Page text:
Toys R Us filed for Chapter 11 bankruptcy last year, with more than $5 billion of debt on its books and plans to reorganize.
Two months later, the retailer did something that might seem a little strange. It asked a judge for permission to pay its executives $32 million in bonuses.
“It did kind of make me mad that the company is in financial dire straits, and it seems that it's OK to get that high of an amount,” said Mikey Fox, 47, who works at a Toys R Us store in Eugene, Oregon.
It’s not unusual for bankruptcy judges to approve executive bonuses. It happened recently with Radio Shack and Westinghouse Electric. This is kind of surprising, though, because Congress passed a law restricting bankruptcy bonuses a decade ago.
In 2005, Congress overhauled the U.S. bankruptcy code, mostly the parts about individual bankruptcy. During the debate, some lawmakers criticized companies that paid multimillion-dollar bonuses to their executives during bankruptcy, like Enron, WorldCom and Polaroid. Sen. Ted Kennedy was among them.
“Take a closer look at the examples of executives in some of America's largest corporations and see how lavishly they benefit while their companies went into bankruptcy,” Kennedy said in a speech from the Senate floor.
At the time, companies had a justification for these bonuses. They said the goal of a Chapter 11 bankruptcy is for a company to shed some debts and start over. And it couldn’t do that if its executives jumped ship.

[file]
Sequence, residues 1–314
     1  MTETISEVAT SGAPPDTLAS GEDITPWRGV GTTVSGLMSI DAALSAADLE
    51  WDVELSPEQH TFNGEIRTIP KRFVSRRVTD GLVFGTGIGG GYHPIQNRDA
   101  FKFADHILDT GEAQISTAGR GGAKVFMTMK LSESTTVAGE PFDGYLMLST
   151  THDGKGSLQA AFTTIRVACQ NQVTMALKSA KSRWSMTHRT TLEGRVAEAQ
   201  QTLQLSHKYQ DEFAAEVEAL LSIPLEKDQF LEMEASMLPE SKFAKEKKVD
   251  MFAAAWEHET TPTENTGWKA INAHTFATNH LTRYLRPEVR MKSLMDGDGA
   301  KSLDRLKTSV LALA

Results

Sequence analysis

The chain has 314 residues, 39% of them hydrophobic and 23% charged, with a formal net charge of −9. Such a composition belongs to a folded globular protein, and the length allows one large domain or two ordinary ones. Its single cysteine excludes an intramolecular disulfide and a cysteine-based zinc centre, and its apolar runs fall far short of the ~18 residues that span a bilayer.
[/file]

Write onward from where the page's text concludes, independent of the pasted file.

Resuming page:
“When you have a distressed company, the loss of upper management can be disastrous,” said Lori Vaughan, a bankruptcy lawyer at Trenam Law in Florida. “You would lose that institutional knowledge. So it's important to retain those individuals.”
And they did that, they argued, by offering bonuses.
But Kennedy wanted to make it a lot harder for companies to award these retention bonuses. So he proposed an amendment that required companies to clear some hurdles first. For instance, Vaughan said, “the company would have to show that that executive had another offer to go to another employer." The amendment became law. But thanks to some crafty corporate lawyers, that wasn’t the end of bankruptcy bonuses.
“What has turned out to happen is they’re now reframed,” said David Skeel, a professor of corporate law at the University of Pennsylvania. “And so instead of paying somebody to stay, which is essentially illegal now, what the bonuses do is they have performance metrics in them.”
Those metrics might include things like emerging from bankruptcy quickly or hitting certain sales goals. If a company meets the metrics, executives get a bonus. Courts often approved these plans, Skeel said. And they became the new norm.
That’s how the Toys R Us bonus plan got approved. In December 2017, a judge said the company could pay its executives up to $21 million in bonuses if it met some goals, like $641 million in annual earnings.
Toys R Us said it fell short, and so the company never paid the bonuses.
But other companies in bankruptcy have. Charles Khan, organizing director at the Strong Economy for All Coalition, a workers' rights group, said that means the law hasn’t gone far enough.
“Any other working American that fails at their job, they don't get extra,” Khan said. “They don’t get more. They don't get bonuses. And I think that we should hold the executives at the very highest levels to the same standards.”
As for Toys R Us, the company’s executives didn’t go home empty handed. Less than a week before the retailer filed for bankruptcy, it paid its execs $8 million to stay on board.
In March, the company announced that it’s shutting down entirely.
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